Part II of this guide to Japanese cinema presents a watchlist of personal favourites - Symbol, Tampopo, United Red Army and The Shape of the Night have, in very different ways, provided some of the greatest cinema experiences of my life – as well as what I hope will offer a bit of a counterpoint to David’s excellent list from a couple of weeks ago. We hope you watch as many of these astonishing films as you can, and don’t miss the chance to see the likes of Drive My Car or The Hunter’s Diary on 35mm at Tyneside Cinema in the coming weeks.

To book tickets for films in our Japanese season, click here!


Top 5 New Wave 


From the late 1950s through to the 1970s a disparate and inventive group of directors were challenging the traditional forms and content of cinema that had gone before in order to explore new visual techniques alongside provocative subject matter.


Branded to Kill (Seijun Suzuki, 1967)


Tampopo (Juzo Itami, 1985)


Ecstasy of the Angels (Koji Wakamatsu, 1972)


Battles Without Honor and Humanity (Kinji Fukasaku, 1973)


Bitterness of Youth (Tatsumi Kumashiro, 1974)



Top 5 Wild & Surreal


Japan has a rich history of avant-garde, underground and extravagantly bizarre film: from works that splice genre acrobatics with breakneck tonal shifts, to more conceptually experimental fever dreams…inspired madness awaits!


Symbol (Hitoshi Matsumoto, 2009)


The Taste of Tea (Katsuhito Ishii, 2004)


Visitor Q (Takashi Miike, 2001)


Emotion (Nobuhiko Obayashi, 1966)


The Flying Luna Clipper (Ikko Ono, 1987)



Top 5 Horror


Japan’s cultural history has always been imaginatively alive to the supernatural and grotesque, providing a fertile environment for truly extraordinary horror cinema. Whether it’s the folkloric enchantment of ghosts, cyber fears and posthumanism, or the psychosexual extremity of arthouse nightmares, the diversity and wealth of Japanese horror cinema is truly staggering.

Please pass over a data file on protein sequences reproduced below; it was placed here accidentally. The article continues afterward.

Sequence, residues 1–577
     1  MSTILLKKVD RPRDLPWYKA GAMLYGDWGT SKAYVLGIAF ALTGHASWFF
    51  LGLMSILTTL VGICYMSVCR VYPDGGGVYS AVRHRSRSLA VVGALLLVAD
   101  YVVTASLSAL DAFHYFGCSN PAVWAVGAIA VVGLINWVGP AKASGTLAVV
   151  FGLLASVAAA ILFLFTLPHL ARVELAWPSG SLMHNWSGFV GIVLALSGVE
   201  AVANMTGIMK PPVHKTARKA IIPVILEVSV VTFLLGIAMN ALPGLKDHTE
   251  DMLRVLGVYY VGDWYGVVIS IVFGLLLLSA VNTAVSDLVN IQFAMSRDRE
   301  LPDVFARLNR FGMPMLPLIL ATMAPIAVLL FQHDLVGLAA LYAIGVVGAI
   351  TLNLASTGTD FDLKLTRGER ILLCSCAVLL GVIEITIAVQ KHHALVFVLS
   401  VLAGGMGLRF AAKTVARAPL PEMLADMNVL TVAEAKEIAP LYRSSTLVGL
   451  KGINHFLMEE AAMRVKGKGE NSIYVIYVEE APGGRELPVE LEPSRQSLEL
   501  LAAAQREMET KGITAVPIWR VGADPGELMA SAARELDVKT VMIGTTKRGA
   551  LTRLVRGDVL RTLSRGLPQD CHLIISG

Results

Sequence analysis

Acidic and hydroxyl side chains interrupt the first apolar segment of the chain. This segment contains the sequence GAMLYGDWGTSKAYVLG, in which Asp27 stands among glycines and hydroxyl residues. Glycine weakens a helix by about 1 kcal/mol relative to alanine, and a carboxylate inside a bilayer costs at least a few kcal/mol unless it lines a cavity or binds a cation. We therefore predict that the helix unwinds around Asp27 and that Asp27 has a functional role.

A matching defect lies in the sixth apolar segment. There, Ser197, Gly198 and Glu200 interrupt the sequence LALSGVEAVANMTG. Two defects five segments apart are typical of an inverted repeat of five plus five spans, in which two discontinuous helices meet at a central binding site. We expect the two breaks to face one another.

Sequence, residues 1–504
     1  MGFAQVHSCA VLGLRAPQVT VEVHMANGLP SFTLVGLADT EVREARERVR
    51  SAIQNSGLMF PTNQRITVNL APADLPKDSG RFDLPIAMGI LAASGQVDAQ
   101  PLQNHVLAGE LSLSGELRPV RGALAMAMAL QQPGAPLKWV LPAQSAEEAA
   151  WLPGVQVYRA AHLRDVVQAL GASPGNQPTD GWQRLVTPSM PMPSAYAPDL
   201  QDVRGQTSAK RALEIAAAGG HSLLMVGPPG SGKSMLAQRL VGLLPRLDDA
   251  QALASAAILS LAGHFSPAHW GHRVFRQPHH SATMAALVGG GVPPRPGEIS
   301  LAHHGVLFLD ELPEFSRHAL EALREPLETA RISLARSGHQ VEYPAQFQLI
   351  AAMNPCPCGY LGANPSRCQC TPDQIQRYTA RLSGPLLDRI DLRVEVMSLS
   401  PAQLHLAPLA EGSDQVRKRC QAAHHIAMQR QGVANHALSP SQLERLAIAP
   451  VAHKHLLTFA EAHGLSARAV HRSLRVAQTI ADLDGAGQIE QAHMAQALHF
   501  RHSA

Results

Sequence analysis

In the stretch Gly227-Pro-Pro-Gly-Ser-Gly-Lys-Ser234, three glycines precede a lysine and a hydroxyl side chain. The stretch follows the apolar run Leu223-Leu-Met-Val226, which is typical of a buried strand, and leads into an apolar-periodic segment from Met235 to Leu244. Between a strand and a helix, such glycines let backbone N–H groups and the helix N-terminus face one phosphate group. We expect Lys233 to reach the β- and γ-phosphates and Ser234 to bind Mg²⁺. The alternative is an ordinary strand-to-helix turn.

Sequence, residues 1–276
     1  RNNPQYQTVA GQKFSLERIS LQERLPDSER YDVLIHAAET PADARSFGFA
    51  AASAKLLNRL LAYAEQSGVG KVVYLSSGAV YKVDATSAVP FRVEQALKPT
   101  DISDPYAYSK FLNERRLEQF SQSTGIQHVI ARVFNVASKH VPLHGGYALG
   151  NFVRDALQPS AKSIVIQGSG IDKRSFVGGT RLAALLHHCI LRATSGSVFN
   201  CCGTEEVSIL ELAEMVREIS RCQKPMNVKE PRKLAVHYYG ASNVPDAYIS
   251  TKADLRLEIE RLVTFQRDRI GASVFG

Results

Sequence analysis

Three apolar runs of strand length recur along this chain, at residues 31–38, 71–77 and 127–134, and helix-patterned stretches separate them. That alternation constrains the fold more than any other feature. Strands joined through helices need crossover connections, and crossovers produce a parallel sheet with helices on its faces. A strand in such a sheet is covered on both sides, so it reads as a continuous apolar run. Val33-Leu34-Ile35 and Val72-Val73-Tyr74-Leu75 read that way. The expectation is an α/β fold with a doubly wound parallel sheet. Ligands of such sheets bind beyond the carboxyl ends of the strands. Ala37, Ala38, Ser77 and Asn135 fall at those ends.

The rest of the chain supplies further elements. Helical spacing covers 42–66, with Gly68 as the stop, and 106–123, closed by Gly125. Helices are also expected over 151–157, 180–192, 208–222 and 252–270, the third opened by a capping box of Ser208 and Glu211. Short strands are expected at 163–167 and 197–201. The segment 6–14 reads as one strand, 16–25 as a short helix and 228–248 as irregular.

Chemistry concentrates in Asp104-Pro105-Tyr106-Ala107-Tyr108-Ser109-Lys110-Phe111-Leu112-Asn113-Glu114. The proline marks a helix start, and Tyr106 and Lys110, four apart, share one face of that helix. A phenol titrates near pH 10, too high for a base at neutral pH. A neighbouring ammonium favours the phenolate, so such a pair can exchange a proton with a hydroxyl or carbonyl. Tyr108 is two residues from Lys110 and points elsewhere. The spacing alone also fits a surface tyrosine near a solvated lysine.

A Page of Madness (Teinosuke Kinugasa, 1926)


The Face of Another (Hiroshi Teshigahara, 1966)


The Ghost of Yotsuya (Nobuo Nakagawa, 1959)


Fires on the Plain (Kon Ichikawa, 1959)


Ringu (Hideo Nakata, 1998)



Top 5 Philosophical


These are films that bring an intellectual, contemplative or meditative sensibility to profound questions of existence.


Throw Away Your Books, Rally in the Streets (Shuji Terayama, 1971)


The Emperor’s Naked Army Marches On (Kazuo Hara, 1987)


The Human Bullet (Kihachi Okamoto, 1968)


Pale Flower (Masahiro Shinoda, 1964)


Maborosi (Hirokazu Koreeda, 1995)



Top 5 Classics


Does what it says on the tin: a primer of all-time greats to enjoy!


Gate of Hell (Teinosuke Kinugasa, 1953)


The Insect Woman (Shōhei Imamura, 1963)


Floating Clouds (Mikio Naruse, 1955)


High & Low (Akira Kurosawa, 1963)


The Shape of the Night (Noboru Nakamura, 1964)



Top 5 of the Twenty First Century


As an evolving frontier of contemporary film, Japan continues to be one of the most exciting, challenging and diverse – here are some more recent highlights.


Happy Hour (Ryusuke Hamaguchi, 2015)


United Red Army (Koji Wakamatsu, 2007)


The Tale of Iya (Tetsuichirô Tsuta, 2013)


The Wind Rises (Hayao Miyazaki, 2013)


13 Assassins (Takashi Miike, 2010)



To book tickets for films in our Japanese season, click here!


Visit our official Letterboxd list here.